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Home from the front lines

Copyright © 2020 Albuquerque Journal

Jeff Tolentino, 34, a nurse at Christus St. Vincent Regional Medical Center, gets a hug from his daughter Lillian, 6, during a surprise party for him at SWAN Park in Santa Fe. Tolentino just returned from eight weeks helping COVID-19 patients at a hospital in the Bronx borough of New York City. Around a dozen people, plus a fire truck and ambulance from the Santa Fe Fire Department, surprised Tolentino with a “Hero Nurse” welcome at the park. (Eddie Moore/Albuquerque Journal)

Two months ago, New York Gov. Andrew Cuomo’s desperate plea for help dealing with the coronavirus pandemic fell upon the ears of Santa Fe nurse Jeff Tolentino.

And the 34-year-old, who specializes in intensive care unit health, responded.

Tolentino, who works at Christus St. Vincent Hospital, has just returned from an eight-week stint at Lincoln Medical Center in New York City’s Bronx borough.

“My wife and I were very much into watching the news and we really like the way Gov. Cuomo was doing his briefing, presenting the info,” Tolentino said. “But something really struck a chord with me when he said, ‘We need help here.’ At the time, there was nothing really going on in Santa Fe, specifically.”

In normal times, Lincoln, in a downtrodden section of New York City, is the third-busiest emergency room in the country. But this was so much beyond that, he said.

“I felt like I needed to go out there,” Tolentino said. “At first, my wife wanted me to go somewhere not as crazy. But I knew I wanted to go where it’s the worst. I knew I could handle it mentally. I knew I could deal with the craziness. I was warned beforehand that it was like a war zone and it definitely was.”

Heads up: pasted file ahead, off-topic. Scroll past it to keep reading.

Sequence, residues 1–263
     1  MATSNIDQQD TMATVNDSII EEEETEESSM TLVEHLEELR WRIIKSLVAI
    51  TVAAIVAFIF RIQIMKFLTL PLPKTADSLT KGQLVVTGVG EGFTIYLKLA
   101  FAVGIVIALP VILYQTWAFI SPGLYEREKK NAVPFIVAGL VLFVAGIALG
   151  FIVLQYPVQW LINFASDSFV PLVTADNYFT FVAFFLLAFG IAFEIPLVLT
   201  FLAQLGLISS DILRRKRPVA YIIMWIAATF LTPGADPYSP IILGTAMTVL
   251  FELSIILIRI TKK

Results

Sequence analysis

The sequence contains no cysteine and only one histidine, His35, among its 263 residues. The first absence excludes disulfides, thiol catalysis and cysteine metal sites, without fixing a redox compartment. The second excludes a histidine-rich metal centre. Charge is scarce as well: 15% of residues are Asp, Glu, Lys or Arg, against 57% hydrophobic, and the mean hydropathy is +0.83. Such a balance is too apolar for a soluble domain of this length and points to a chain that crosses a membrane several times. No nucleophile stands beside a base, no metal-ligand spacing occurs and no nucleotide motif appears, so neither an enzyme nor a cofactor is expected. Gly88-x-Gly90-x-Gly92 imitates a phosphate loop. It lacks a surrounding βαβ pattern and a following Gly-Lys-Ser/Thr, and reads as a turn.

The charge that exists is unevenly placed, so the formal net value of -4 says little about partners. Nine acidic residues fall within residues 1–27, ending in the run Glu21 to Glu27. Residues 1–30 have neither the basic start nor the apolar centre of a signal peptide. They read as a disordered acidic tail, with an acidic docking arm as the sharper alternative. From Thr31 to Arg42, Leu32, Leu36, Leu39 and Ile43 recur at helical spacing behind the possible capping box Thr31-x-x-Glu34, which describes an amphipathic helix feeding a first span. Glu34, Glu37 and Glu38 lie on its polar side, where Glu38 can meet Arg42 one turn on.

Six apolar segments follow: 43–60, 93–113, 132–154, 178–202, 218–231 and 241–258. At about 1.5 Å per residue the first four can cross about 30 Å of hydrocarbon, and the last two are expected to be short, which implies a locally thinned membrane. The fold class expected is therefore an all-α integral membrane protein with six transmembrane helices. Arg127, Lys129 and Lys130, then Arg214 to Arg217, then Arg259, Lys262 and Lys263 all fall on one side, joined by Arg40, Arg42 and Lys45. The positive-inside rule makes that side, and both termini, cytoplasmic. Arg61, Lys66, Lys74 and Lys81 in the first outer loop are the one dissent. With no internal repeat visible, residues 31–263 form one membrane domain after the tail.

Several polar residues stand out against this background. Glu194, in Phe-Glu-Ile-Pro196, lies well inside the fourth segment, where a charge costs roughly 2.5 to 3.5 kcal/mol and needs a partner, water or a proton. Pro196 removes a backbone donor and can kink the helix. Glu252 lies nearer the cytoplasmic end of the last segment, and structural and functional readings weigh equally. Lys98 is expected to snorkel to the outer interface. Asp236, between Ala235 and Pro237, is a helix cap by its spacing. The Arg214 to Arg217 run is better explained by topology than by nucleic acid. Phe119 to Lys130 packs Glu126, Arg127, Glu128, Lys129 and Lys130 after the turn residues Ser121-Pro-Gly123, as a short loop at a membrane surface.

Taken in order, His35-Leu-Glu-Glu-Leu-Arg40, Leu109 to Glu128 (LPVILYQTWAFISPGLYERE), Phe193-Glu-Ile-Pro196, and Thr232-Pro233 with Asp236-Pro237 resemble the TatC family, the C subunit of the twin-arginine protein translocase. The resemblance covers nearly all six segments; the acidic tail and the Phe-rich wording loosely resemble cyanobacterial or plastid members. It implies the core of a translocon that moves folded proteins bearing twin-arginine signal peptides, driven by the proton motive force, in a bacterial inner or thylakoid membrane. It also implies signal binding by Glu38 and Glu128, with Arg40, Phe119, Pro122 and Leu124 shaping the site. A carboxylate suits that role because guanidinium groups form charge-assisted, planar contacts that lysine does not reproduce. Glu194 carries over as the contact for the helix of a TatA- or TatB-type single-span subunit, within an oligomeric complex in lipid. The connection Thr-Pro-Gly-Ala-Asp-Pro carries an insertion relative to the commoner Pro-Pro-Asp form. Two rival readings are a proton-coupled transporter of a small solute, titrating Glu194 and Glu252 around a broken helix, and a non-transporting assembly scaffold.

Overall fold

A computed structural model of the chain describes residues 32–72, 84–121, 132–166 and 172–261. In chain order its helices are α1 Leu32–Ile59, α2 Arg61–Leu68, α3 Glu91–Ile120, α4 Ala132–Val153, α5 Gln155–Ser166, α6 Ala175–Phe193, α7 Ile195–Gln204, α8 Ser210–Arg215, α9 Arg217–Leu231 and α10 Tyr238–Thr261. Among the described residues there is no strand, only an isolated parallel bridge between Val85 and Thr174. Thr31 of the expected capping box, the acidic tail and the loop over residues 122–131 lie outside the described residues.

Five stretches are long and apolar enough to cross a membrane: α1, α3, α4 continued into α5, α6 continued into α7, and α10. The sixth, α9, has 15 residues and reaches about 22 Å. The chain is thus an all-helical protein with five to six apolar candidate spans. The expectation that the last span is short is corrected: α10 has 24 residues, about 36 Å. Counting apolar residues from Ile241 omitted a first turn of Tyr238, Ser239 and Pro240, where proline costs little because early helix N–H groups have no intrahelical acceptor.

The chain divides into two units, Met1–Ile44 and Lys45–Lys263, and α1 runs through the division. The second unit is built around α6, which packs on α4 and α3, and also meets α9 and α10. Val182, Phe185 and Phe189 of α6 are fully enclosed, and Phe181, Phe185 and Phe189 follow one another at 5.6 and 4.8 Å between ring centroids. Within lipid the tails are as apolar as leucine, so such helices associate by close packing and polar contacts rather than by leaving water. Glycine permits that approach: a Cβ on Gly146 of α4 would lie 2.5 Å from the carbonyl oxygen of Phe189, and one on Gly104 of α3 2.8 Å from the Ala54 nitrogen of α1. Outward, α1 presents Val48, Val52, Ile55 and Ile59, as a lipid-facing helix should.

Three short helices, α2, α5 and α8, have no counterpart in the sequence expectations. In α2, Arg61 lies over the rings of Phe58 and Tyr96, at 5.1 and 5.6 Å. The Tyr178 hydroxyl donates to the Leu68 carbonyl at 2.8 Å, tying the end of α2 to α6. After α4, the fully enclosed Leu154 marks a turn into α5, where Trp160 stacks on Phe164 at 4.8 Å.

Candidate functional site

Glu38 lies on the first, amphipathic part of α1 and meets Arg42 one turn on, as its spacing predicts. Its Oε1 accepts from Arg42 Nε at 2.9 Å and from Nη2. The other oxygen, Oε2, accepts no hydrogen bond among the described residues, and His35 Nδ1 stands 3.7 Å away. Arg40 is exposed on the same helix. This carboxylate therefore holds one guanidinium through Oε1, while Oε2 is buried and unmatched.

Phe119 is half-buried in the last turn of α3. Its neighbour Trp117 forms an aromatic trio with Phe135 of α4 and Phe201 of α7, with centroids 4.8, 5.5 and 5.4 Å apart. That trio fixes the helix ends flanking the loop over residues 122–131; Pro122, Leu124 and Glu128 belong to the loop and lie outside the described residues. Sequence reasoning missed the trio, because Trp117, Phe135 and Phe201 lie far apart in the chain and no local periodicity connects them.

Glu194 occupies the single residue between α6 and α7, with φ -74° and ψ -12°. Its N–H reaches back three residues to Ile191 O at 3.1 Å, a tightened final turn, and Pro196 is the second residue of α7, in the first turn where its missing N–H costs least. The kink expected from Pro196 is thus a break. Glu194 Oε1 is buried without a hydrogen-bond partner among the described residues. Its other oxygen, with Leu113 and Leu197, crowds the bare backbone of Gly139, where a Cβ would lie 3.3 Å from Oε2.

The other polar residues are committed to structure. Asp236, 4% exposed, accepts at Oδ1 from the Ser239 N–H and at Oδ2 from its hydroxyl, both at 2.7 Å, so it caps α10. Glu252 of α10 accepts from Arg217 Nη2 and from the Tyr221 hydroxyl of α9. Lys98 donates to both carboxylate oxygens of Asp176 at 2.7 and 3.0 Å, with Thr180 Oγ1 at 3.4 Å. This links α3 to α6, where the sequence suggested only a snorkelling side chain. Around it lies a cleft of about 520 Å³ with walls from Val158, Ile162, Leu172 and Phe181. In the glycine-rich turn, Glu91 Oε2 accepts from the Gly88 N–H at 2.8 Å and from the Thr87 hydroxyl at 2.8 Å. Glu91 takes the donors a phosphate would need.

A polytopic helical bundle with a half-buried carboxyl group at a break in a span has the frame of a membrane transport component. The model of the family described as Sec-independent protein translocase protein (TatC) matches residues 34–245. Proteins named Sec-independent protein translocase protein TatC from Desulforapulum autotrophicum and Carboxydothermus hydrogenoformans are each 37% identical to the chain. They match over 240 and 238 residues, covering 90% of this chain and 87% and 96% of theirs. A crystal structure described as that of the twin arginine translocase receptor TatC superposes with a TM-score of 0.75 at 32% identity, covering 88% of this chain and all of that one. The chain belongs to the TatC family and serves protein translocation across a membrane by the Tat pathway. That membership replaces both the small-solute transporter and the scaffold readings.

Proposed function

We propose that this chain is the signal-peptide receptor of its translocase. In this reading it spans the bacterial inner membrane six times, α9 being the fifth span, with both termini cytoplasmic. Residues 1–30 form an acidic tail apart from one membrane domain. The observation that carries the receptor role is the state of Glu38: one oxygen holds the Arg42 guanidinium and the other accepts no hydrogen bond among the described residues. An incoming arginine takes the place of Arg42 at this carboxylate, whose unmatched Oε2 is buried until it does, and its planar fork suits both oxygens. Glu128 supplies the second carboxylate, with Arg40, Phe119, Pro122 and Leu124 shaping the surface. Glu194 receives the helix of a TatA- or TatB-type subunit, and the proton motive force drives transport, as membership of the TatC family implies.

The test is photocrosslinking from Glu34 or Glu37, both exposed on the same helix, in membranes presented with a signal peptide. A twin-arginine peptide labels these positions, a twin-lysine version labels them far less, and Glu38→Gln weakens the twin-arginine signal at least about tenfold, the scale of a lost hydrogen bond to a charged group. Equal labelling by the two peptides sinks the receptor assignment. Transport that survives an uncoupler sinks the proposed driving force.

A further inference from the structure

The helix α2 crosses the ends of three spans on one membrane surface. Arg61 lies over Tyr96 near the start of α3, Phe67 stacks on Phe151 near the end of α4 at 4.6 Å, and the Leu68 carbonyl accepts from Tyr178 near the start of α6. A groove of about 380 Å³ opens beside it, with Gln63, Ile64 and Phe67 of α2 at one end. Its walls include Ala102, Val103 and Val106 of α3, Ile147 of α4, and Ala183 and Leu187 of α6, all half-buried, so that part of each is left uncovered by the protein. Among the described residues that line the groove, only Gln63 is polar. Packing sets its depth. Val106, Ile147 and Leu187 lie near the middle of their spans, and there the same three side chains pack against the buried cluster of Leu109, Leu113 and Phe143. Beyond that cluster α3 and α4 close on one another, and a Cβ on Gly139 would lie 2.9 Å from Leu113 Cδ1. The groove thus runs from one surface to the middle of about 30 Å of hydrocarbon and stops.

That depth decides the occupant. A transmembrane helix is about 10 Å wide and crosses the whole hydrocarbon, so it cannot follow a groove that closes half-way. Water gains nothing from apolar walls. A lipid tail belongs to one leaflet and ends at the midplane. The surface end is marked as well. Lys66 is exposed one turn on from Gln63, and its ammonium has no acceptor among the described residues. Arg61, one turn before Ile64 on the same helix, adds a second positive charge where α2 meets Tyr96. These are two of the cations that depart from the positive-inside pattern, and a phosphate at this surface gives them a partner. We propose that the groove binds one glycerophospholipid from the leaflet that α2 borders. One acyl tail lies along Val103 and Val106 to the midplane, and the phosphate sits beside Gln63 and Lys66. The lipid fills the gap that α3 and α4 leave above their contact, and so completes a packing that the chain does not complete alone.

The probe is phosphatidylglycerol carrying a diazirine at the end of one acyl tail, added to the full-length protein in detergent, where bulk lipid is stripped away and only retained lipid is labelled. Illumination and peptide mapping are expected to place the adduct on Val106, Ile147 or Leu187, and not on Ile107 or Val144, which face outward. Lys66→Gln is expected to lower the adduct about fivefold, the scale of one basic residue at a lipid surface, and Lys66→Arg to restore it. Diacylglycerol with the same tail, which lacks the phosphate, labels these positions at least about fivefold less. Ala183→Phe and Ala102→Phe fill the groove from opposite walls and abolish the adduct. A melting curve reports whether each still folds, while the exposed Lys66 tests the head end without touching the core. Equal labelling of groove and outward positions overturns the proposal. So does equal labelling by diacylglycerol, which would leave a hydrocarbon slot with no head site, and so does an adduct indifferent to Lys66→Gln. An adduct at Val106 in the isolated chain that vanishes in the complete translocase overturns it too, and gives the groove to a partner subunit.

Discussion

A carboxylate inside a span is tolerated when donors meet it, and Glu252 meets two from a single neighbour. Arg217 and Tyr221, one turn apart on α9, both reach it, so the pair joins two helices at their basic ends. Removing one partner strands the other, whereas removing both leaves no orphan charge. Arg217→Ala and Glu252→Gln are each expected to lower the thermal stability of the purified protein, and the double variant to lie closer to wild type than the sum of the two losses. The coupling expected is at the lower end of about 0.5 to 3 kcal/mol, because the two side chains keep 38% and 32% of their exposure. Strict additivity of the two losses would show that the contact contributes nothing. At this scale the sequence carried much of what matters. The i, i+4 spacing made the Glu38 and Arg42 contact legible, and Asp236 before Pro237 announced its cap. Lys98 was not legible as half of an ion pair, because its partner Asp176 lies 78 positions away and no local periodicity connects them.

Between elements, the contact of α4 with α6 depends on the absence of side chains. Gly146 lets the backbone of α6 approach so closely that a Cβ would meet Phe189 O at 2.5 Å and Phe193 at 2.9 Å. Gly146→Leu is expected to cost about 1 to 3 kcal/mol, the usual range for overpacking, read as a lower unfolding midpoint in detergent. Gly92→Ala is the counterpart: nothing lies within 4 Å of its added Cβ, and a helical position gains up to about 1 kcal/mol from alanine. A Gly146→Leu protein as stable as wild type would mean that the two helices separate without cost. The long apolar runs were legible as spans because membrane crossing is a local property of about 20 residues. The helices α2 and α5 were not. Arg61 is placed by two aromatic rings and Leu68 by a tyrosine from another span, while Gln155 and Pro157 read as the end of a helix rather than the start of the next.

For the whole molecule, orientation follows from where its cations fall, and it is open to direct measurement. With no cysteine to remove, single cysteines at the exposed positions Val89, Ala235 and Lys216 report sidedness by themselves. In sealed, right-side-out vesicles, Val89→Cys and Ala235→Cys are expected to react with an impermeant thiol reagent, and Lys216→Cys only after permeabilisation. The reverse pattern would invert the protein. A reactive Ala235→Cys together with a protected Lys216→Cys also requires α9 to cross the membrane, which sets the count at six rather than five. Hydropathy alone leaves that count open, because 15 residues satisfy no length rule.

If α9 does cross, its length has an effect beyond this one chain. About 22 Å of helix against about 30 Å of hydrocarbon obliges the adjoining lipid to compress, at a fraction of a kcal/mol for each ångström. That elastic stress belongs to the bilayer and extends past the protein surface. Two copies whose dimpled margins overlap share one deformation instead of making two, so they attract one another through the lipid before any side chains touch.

Although he knew that he was entering one of the country’s epicenters for the virus, it was hard to be completely prepared.

“I knew how bad it was, but it didn’t hit me until the first day,” he said. “It hit me on the floor. It was insane. I never thought I would ever experience anything like that.”

The hospital usually has two ICU rooms; one for medical and one for surgical.

When Tolentino arrived, seven additional, makeshift ICU units were spread throughout the hospital.

“The conditions were less than ideal,” he said. “The unit I was on was a pulmonary clinic that was converted into an ICU. The conditions were very much not safe.”

On every shift, Tolentino and other nurses would each have six COVID-19 patients.

“You have to keep their doors closed because of the intubations,” he said. “So all we could do was take a quick peek at their vital signs, check their critical medications to see if anything was going to run, and when they were expected to run out or else bad things would happen. Then, you close the door. Chaos. Every single person was doing that, making sure everybody was alive on the monitor.”

The first two weeks in particular was the worst, as the city’s cases spiked and there wasn’t nearly enough help.

“As far as the deaths, the most I saw in one day on my unit was four or five. In one day,” he said. “It’s just weird.”

And there was so little anyone could do.

Jeff Tolentino

“We were just treating their symptoms. Doing experimental drugs,” Tolentino said, ticking off medications like Remdesivir, Hydroxychloroquine, Azithromycin, Z-Pack. “I can’t even remember them all. We threw everything at them and nothing was helping them. Things just kept getting worse.”

And those early days brought another worry. Tolentino said he had a scratchy throat and his sinuses were kicking up.